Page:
Nashville Jazz Workshop still expanding

Wednesday, September 9, 2009 at 5:08pm
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Donna McElroy, special guest for the Nashville Jazz Workshop Fall Fundraiser, is a former Nashville music professional, Fisk graduate and former Jubilee Singer. She is currently on the faculty of Berklee College of Music in Boston.

Roger Spencer, co-founder with Lori Mechem of the Nashville Jazz Workshop, remembers just how difficult things were when they held their first fund-raiser in 2001.

“It was a week after 9/11,” Spencer recalled. “People weren’t exactly in a festive or giving mood at the time. That was kind of rough.”

But the workshop has survived and emerged over that time into the premier music teaching and performance entity of its type in the region. Indeed both Spencer (bass) and Mechem (piano), accomplished players with extensive experience in all types of frameworks and settings, see the workshop as a counter and alternative to problems that can emerge from taking either a completely academic or totally work-oriented approach to jazz improvisation.

“We both knew the problems that can result from taking a strictly academic view when it comes to jazz,” Spencer said. “At the same time, we were very much interested in this being a learning and teaching environment. So it was important that we got top playing professionals to teach classes, people who know what it’s really like trying to make a living playing jazz, yet also know all the theory and technique. We feel like we’ve achieved a good synthesis.”

This Sunday’s ninth annual fall fundraiser gets underway at the Limelight at 4 p.m. This year’s guest artist is former Nashville recording performer and current Berklee College of Music faculty member Donna McElroy. A former Fisk Jubilee Singer, McElroy is now acclaimed nationwide as a gifted and knowledgeable jazz vocal instructor as well as a talented singer in her own right.

But the program also includes 3rd Coast Vocals, an ensemble with premier jazz singing stylists Jeff Hall, Sandra Dudley, Christina Watson and Mark Stephens. Also on the bill is an NJW all-star ensemble that includes Rod McGaha, Rahsaan Barber, Chester Thompson, Joe Davidian and Jim Ferguson. This year’s event features a live and silent auction featuring small works, including a collection of 5 x 7 canvases with paintings by major area artists produced especially for the event. Artist R. Lafayette Mitchell will do a live painting that will be sold during the auction. The ticket price includes complimentary wine from 4-5 p.m. and food by Monell’s.

The Nashville Jazz Workshop has been housed at 1312 Adams St., located in the Neuhoff Complex in East Germantown, since 2000. The current nonprofit entity evolved from the Nashville Jazz Institute, which began in 1988. What was once a small enterprise with a handful of students is now the centerpiece for jazz activity in Middle Tennessee, with classes four nights a week (Monday-Thursday), a twice-monthly performance series (Snap on 2 and 4), plus special concerts, visual art exhibits and other special events. The workshop’s growth mirrors that of the music in Nashville on the whole, something Spencer says is impressive in some ways, but problematic in others.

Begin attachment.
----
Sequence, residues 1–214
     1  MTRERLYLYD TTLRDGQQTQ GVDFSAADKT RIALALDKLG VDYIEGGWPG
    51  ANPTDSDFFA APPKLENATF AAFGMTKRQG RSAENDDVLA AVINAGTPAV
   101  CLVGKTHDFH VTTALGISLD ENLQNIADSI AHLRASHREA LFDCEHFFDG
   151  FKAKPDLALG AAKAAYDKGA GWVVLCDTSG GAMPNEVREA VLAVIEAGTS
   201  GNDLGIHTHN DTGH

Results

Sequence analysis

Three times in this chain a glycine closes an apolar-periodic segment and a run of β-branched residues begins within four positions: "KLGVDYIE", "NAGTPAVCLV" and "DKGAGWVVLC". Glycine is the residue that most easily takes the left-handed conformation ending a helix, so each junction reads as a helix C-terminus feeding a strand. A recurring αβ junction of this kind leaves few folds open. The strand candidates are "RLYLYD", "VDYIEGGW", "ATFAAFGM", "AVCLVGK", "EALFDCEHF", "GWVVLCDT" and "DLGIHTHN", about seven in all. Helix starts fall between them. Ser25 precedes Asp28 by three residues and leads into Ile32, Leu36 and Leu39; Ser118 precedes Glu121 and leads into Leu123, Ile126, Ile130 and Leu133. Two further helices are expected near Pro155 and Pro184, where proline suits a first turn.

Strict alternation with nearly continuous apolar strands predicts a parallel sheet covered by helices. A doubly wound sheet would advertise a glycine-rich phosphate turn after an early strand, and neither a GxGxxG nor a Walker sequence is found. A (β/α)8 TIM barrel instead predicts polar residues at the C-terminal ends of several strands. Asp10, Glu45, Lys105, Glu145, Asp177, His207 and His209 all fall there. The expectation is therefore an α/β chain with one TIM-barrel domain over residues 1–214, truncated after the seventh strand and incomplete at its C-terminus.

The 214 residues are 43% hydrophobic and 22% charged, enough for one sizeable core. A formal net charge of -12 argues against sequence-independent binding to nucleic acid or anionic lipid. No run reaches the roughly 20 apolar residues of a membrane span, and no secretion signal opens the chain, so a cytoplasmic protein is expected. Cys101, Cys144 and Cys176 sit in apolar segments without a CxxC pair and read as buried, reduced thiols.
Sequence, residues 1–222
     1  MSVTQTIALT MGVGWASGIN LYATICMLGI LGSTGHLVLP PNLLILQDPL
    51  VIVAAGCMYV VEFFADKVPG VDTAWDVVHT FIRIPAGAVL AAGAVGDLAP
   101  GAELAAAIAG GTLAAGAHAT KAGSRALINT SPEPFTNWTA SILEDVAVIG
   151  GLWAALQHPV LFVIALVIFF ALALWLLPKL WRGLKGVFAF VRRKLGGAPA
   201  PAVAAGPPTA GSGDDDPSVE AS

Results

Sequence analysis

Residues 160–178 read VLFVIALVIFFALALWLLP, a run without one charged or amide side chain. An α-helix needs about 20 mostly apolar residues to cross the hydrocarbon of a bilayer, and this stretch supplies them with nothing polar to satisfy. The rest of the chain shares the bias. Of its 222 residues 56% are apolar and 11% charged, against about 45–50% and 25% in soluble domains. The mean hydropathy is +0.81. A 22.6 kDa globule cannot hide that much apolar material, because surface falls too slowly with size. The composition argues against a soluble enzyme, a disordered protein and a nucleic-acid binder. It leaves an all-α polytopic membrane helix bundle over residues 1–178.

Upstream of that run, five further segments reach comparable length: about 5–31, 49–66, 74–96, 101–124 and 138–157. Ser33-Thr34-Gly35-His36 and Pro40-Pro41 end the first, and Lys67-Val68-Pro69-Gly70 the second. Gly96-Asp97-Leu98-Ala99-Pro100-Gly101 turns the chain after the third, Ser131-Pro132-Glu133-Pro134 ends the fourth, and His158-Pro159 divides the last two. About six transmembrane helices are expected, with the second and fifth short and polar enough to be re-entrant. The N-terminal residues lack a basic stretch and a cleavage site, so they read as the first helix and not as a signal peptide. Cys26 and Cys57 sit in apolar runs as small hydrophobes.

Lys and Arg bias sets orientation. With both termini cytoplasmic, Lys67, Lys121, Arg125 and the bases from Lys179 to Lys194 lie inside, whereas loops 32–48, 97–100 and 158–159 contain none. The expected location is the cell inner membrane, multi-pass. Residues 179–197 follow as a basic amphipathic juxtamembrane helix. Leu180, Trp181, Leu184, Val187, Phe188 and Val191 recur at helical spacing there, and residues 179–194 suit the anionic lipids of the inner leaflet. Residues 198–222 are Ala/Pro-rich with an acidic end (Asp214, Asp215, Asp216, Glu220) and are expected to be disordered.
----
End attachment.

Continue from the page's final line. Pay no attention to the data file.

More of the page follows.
“As an art form, the music is doing well,” he said. “There’s a lot of support from the standpoint of people enjoying it, more great players coming here all the time and more general interest. When people like Dr. Matthew White, an outstanding trumpeter who just got his doctorate, or Evan Cobb, a wonderful tenor saxophonist who just earned his master’s degree, move here it says a lot about the city.”

“But the main problem is there aren’t enough places where you can actually play the music,” Spencer continued. “F. Scott’s does a fantastic job in what they provide, but that’s still just one site. There need to be full-time venues dedicated to the music. That’s the key thing that’s missing.”

There are currently 18-20 classes offered over every six-week period at the Nashville Jazz Workshop. Some are for players; others are designed to foster community appreciation for the music and aimed at non-performers. But the key feature in the performance classes hinges on the concept of apprenticeship, with seasoned professionals regularly offering counsel, guidance and advice to others about the jazz world and life.

“As far as the Nashville Jazz Workshop, we’ve been thrilled by the growth and the embrace of the community, especially since we relocated in this building,” Spencer concluded. “But we still face the challenge all the time of increasing public awareness and visibility of the workshop and what we do. Every time we do a concert or a Snap, there will be at least three or four people who tell us they didn’t know we were here, when it’s been nine years. So that just lets us know that we still have work to do in terms of growing and getting the word out about everything that the Nashville Jazz Workshop does throughout the year.”

Major sponsors for this event include Nashville Lifestyles, Limelight, Monell’s and WMOT Radio. Corporate and patron sponsorship is also available, plus VIP packages. For more information about either Sunday’s event or the Nashville Jazz Workshop, call 242-5299 or visit nashvillejazz.org.

What: The ninth annual Nashville Jazz Workshop Fall Fundraiser
When: 4 p.m. Sunday
Where: Limelight, 201 Woodland St.
Cost: $50
Info: 242-5299, nashvillejazz.org/fallfundraiser